New Sasol GTC cars set for thrills

The iconic Grand Prix Circuit will present a new challenge to the GTC drivers as they tackle the country’s fastest racetrack on June 16.

Suzuki’s new Swift hatch and sedan in SA

Suzuki kicks off its new model assault with an all new Swift hatchback and standalone sedan called the Dzire.

Tested: Materia Turbo

2010-05-18 07:17

Sergio Davids

Vehicle Specs
Manufacturer Daihatsu
Engine 16v DOHC turbo four-cylinder
Power 110kW @ 5750r/min
Torque 190Nm @ 4800r/min
Transmission 5-speed manual
Zero To Hundred 8.9seconds
Top Speed 200km/h
Weight 1035kg
Price R219 995
As a proud owner of a 2000 Daihatsu Cuore, my first reaction to seeing the Materia for the first time was “Whoa! Someone’s gone and pimped my Cuore!”             

In terms of styling, it features a similar front to the Cuore, sporting a bonnet scoop that feeds the intercooler. Massive door panels, box frame chassis, huge rims and a killer sound system are all indicators of the pimp potential. The TSWs sporting the Daihatsu logo are a great touch as well as the Momo steering wheel. It’s as if the car was born out of a “Pimp My Ride” episode where they ran out of budget half way through. For instance the loose amp, which appears to have been shoved, not fitted, under the passenger seat does little for the car’s cool factor.

I’ve heard differing opinions on the Materia Turbo ranging from “Oh, what’s that? Looks cute” to “Geez, it’s kinda ugly”. Whatever your opinions might be on its look one thing is for certain, the Materia is sure to attract a lot of attention during traffic.

Driving it is couldn’t be simpler. The newly developed 1.5 litre engine 1.5 engine delivers  110kW at 5750r/min while producing peak torque figures 190Nm at 4800r/min which translates a rather fun driving experience. The engine produces surprising power for high speed driving on highways and in urban areas, while providing excellent torque characteristics in the low and medium speed ranges.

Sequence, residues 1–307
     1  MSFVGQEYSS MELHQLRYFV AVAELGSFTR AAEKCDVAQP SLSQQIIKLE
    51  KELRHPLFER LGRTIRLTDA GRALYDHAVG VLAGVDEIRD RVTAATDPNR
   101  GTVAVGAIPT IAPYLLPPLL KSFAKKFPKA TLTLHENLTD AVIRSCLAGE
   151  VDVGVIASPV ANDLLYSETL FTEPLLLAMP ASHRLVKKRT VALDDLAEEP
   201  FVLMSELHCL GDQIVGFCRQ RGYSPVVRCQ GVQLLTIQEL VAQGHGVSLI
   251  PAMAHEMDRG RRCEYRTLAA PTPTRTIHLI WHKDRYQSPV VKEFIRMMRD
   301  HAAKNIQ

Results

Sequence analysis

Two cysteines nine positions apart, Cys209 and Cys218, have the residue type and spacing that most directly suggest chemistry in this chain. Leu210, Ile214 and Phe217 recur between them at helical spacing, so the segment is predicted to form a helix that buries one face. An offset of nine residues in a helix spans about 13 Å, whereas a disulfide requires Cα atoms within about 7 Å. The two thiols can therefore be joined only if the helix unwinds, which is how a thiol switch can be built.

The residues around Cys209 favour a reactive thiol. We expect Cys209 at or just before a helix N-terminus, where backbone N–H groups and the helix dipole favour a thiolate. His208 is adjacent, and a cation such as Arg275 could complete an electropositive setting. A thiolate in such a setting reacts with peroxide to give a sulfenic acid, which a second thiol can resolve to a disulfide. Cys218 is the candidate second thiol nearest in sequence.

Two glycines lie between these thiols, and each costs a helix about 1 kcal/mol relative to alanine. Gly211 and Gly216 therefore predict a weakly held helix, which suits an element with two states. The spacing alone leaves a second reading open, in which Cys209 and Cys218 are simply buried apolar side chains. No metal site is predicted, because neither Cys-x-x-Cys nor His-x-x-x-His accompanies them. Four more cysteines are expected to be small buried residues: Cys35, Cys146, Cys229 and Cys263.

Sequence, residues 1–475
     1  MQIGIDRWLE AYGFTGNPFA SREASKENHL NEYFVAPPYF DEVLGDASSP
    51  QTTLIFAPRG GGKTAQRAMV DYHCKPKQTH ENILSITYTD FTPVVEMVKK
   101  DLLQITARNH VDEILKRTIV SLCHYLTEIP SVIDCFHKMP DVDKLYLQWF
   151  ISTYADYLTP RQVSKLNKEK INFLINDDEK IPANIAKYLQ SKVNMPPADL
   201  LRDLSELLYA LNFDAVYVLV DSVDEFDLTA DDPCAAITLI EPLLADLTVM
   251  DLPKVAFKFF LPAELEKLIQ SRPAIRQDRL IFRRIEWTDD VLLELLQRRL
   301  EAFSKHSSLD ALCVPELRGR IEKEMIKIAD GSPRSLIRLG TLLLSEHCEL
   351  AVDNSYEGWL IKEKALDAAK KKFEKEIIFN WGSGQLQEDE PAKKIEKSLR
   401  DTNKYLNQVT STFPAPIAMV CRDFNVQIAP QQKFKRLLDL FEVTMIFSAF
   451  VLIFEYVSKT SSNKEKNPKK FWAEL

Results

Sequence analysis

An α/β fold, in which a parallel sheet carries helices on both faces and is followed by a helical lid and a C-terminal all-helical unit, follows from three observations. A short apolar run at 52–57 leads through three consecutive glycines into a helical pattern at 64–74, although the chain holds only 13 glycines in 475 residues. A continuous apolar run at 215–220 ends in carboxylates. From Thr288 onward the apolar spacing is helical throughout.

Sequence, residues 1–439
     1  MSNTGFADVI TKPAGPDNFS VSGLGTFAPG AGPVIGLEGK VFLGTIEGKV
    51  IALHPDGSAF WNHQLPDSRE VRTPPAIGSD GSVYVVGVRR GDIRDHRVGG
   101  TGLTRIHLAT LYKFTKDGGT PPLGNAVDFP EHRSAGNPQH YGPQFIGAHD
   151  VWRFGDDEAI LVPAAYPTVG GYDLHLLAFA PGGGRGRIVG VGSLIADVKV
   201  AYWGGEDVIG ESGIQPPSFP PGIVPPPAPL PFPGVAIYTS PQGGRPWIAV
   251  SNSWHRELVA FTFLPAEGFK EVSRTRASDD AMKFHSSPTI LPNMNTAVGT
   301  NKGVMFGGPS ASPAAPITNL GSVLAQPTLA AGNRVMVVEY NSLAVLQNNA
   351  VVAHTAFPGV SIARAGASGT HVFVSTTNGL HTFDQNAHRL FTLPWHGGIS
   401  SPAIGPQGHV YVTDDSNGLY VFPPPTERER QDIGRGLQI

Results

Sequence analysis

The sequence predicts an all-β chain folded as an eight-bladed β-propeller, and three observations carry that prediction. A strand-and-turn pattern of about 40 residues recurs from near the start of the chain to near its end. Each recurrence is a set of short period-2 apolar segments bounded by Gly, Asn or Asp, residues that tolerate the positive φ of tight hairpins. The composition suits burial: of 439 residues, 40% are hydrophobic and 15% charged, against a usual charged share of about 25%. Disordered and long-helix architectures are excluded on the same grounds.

What I really liked about the Materia Turbo is its ease of use, ability to nip around the city and the sprightly, if sometimes, noisy engine. The engine features a rather ‘old school’ turbo in that it needs to spool up and release pressure each time you apply the accelerator. However this translates into a truck-like hydraulic noise each time you ease off the throttle.  After a while though, it became a lot of fun to drive the turbo as the turbo waste-gate ‘whoosh’ started growing on me.

The Materia’s bodyroll is incredibly well contained and the ride is boosted with plenty of grip and an optional limited-slip differential.  We even took it around Kilarney where its versatility came to fore as a tracking vehicle during our video shoots.

I was also impressed by the amount of interior space within the confines of the Materia. With the seats folded down you’re rewarded with staggering amount of space perfect for anyone using it as a mom’s taxi. While the boot space might be tiny underneath, the boot panel sees compartments for various sized goods and smallish items.  

Inside you can tell Daihatsu were going for a ‘trendy’ look and feel but the controls are more Fisher Price than stylish. The interior space is ample with an incredible amount of headroom. And I’m not short by any means but it’s the first time I’ve ever been in a vehicle where I’ve had to fully extend my arms just to reach my sunvisor.

Overall I really enjoyed the Materia Turbo. Sure it’s got a few faults, and I while driving it I did find myself on the receiving end of a few interesting looks, but the fact is, the Materia turbo is a fun, agile city runabout.  Love it or hate it, apart from its unusual looks, the Materia Turbo is like a lucky packet – full of surprises and a whole lot of fun.

Materia Turbo, the modern day YRV turbo or not? Share your thoughts here...


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